This Israeli scientific breakthrough can help soldiers suffering from PTSD

“We hope that this new discovery might promote easier diagnosis of post-traumatic veteran soldiers so they can receive appropriate treatment,” said Prof. Illana Gozes from Tel Aviv University.


Israeli researchers studying soldiers suffering from post-traumatic stress disorder (PTSD) have discovered the presence of certain bacteria in the saliva that appears to indicate post-trauma in veteran soldiers.

In the study, the researchers characterized the psychological, social, and medical conditions of about 200 veteran soldiers, while at the same time collecting saliva samples from them. The findings show that the soldiers who were suffering from post-trauma presented a typical microbial picture (signature) in their saliva.

The study found that about a third of the participants who suffered from PTSD had never been diagnosed as such, so they never received any recognition from the Ministry of Defense and the official authorities.

The scientific breakthrough by researchers at the Tel Aviv and Haifa Universities may facilitate speedy, objective and accurate diagnosis of people suffering from PTSD using saliva samples.

The findings of this study show a typical microbial picture in the saliva of veteran soldiers who had experienced combat stress-related reactions from the 1982 First Lebanon War and are currently suffering from post-trauma.

According to the researchers, these results may help develop future microbiotic-related medications, associated with the body’s microbial ecology.

Read  Israelis discover how to boost success rate of fertility treatments

The study was a joint effort led by Professor Illana Gozes and included Professor Noam Shomron, Dr. Shlomo Sragovich, and Ph.D. student Guy Shapira, all from TAU’s Sackler Faculty of Medicine and Sagol School of Neuroscience, as well as Prof. Zahava Solomon from TAU’s Gershon Gordon Faculty of Social Sciences, and Prof. Abraham Sagi-Schwartz and Ph.D. student Ella Levert-Levitt from the Center for the Study of Child Development and the School of Psychological Sciences at Haifa University.

The 200 Israeli veteran soldiers were tested for various psychological aspects, including sleep, appetite disorders, guilt, suicidal thoughts, social and spousal support, hostility, satisfaction with life, as well as issues of demographics, psychopathology, welfare, health, and education.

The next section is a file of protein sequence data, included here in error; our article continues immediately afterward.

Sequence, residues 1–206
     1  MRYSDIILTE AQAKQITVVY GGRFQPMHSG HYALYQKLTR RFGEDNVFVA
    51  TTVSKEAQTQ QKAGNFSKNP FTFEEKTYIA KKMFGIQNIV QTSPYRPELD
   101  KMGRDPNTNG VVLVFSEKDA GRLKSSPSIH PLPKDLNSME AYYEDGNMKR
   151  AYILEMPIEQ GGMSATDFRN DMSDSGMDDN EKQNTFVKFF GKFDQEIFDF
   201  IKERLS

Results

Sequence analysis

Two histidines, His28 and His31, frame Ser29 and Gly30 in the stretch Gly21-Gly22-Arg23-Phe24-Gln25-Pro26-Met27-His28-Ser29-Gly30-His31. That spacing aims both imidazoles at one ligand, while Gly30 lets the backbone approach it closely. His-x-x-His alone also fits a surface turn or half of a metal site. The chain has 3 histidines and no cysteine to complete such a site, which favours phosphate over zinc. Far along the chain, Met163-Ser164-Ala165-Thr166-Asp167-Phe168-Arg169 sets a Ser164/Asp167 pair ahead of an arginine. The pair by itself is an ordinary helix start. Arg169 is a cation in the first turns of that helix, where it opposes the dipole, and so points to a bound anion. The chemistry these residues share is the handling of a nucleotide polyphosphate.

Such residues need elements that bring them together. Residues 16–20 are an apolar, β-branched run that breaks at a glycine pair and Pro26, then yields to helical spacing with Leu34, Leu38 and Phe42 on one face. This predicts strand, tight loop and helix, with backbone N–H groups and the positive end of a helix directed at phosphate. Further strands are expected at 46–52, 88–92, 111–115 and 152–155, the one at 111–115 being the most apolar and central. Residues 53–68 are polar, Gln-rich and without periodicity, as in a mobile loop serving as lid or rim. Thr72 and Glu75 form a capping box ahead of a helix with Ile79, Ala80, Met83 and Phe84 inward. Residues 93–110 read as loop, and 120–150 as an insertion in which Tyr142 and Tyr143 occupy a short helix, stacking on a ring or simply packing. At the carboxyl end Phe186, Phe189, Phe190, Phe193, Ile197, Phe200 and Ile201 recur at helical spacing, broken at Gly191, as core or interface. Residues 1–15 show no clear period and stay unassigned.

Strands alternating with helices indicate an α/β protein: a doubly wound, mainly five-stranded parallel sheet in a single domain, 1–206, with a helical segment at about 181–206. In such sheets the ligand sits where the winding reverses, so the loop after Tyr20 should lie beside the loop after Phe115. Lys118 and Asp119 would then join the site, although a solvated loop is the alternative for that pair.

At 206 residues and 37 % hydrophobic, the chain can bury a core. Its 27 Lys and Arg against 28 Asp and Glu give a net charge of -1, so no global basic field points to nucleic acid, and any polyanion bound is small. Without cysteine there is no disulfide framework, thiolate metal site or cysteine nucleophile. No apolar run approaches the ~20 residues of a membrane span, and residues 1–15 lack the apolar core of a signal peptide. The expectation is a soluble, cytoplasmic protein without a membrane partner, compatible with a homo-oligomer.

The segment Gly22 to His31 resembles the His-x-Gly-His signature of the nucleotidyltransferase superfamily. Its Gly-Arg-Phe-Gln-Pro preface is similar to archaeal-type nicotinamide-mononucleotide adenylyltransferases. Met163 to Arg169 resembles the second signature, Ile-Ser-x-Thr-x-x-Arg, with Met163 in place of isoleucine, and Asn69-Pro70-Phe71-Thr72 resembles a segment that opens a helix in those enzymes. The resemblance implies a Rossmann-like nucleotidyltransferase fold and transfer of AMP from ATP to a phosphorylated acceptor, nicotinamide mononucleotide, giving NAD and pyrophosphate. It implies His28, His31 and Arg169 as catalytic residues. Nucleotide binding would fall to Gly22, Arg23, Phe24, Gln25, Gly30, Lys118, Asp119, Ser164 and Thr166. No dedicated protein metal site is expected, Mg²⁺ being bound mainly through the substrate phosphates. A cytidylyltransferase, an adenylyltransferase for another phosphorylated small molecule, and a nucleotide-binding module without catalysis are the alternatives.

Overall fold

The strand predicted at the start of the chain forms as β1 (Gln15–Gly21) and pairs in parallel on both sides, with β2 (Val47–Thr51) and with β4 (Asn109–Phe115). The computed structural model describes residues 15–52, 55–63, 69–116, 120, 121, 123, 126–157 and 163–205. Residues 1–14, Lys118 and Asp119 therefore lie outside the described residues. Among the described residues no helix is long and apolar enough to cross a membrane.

Comparing the results of the subjects’ microbial distribution to the psychological results and their responses to the welfare questionnaires, the researchers found that people with PTSD and high psychopathological indications exhibit the same unique oral microbiotic signature.

It is interesting to note that the saliva bacteria of those exposed to air pollution showed a correlation to the picture with PTSD, while the number of years of education showed a protective influence and a reverse picture of the microbial ecology in the saliva.

Prof. Gozes stated that “to the best of our knowledge, this is the first depiction of a microbial signature in the saliva among veteran soldiers with PTSD. It must be stressed that until now, post-trauma diagnosis has been based solely on psychological and psychiatric measures.”

Read  Israelis discover new COVID treatment that makes vaccines obsolete

“Thanks to this study, it may be possible, in the future, to use objective molecular and biological characteristics to distinguish PSTD sufferers, taking into account environmental influences,” she added.

“We hope that this new discovery and the microbial signatures described in this study might promote easier diagnosis of post-traumatic veteran soldiers so they can receive appropriate treatment,” she said.